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Geography        < Previous        Next >


Illustrated Geography


Today's Snack: Have you ever had a "Broccoli Sundae"? It's kind of crazy, but kind of fun, and so good for you to get your veggies. Take a glass or plastic cup. Fill the bottom one-third with chopped fresh broccoli - not big pieces, just the flowerets and finely-chopped stems. Now put in a spoonful of low-fat ranch dressing. Follow it up with a layer of finely-sliced carrot. Then add another spoonful of dressing, and fill the cup to the top with more finely-chopped broccoli. Put a little dollop, or blob, of dressing on the top. Bet you're the only one on your block having THIS today!





Globe or world map

Notebook or paper for drawing

Colored pencils, thin markers or paints



Here are some pretty amazing facts that have to do with geography. You can look them up on a globe or map as you read. There's tons more to be known about each of these places, too. Read through these paragraphs, look up more information on any of them that you'd like, and then pick your favorite fact that you wish to illustrate on paper. The most important thing to do is: zero in!


That's the thing about geography: You have to know the big picture to understand the interesting specific details, and vice versa. So it's a good skill to know how to choose something in particular, and focus in on it.


It's the same thing with successful illustration. When you draw a picture that goes with a story or a piece of information, it should communicate the same thing as the text does, only in the format of art instead of words. It takes as much thinking and care to make an illustration helpful and meaningful as it does to write a story or article that communicates what you want it to.


Let's say you were interested in how penguin fathers in Antarctica stay alive for months taking care of the babies while the moms are off in the fishing grounds. To illustrate that, you wouldn't just draw a picture of the map of Antarctica; that wouldn't "tell your story." You'd probably want to draw a male penguin with a baby on his feet, with interesting ice cliffs behind them, or something to put it into perspective and give meaning to your illustration.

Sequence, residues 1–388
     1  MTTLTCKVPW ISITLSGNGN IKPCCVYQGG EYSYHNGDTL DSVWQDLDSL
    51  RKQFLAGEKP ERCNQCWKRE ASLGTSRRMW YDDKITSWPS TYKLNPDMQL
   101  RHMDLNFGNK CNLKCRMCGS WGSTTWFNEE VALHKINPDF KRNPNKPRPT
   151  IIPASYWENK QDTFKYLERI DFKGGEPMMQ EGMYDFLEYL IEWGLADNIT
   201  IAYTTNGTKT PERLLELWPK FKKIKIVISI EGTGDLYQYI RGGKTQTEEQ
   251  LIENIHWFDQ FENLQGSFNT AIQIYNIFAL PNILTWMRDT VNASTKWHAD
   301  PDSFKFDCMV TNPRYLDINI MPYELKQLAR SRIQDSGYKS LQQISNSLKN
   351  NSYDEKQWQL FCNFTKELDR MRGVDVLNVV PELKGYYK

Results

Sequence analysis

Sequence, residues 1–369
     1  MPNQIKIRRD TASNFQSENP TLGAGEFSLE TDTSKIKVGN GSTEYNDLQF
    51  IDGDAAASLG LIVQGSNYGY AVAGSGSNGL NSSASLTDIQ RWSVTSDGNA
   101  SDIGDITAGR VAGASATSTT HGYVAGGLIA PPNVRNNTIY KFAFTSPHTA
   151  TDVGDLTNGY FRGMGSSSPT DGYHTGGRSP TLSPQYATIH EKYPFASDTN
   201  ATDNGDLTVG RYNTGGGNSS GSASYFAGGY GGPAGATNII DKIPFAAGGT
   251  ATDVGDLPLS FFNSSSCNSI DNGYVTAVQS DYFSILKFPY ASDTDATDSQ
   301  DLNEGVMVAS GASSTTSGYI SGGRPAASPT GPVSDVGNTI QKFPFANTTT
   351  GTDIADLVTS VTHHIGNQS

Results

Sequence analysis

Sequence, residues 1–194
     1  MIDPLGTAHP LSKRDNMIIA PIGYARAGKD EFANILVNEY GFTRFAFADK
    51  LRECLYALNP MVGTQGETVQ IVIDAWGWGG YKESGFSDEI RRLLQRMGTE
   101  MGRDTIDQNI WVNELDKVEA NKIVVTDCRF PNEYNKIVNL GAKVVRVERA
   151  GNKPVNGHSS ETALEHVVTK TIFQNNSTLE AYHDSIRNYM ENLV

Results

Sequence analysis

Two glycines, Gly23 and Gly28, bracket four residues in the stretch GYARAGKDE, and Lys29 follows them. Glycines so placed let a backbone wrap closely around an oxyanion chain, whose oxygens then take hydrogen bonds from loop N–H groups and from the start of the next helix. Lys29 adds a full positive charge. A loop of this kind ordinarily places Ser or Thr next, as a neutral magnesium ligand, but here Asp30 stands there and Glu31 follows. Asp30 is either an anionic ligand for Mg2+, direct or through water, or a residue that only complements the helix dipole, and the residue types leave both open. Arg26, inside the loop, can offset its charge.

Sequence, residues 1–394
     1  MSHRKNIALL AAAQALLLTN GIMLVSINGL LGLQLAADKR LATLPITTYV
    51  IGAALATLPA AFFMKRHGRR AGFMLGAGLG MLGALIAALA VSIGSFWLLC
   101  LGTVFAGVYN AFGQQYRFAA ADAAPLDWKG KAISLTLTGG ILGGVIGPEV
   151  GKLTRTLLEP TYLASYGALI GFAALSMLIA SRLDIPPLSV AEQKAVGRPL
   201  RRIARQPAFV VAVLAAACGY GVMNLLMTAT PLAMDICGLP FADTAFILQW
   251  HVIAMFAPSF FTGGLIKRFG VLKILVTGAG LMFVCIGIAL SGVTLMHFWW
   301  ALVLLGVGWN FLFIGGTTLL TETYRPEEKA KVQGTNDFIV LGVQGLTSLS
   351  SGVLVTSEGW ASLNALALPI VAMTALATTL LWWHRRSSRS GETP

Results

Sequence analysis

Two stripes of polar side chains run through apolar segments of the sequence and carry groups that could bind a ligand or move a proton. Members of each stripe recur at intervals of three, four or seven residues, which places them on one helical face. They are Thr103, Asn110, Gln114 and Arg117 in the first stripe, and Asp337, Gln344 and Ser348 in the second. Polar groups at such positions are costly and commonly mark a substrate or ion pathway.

Now that you've zeroed in on your favorite fact from the list below and have decided how to illustrate it, go ahead. You may decide to use some other art supplies besides pencil or paints. For example, if you choose the one about Brazil, you might want to line up Brazil nuts on a piece of cardboard and glue them in space to spell out "Brazil." Have fun with this! You can print the fun fact underneath, like a caption.


If you like this idea, expand it. You could start a notebook of "illustrated geography," in which you combine knowledge of the places on Earth with your art talent, to make each place come alive.




More than half of the coastline of the entire United States is in Alaska.


The Amazon rainforest produces more than 20% of the world's oxygen supply.  The Amazon River pushes so much water into the Atlantic Ocean that, more than 100 miles at sea off the mouth of the river, one can dip fresh water out of the ocean. The volume of water in the Amazon River is greater than the next eight largest rivers in the world combined, and three times the flow of all rivers in the United States.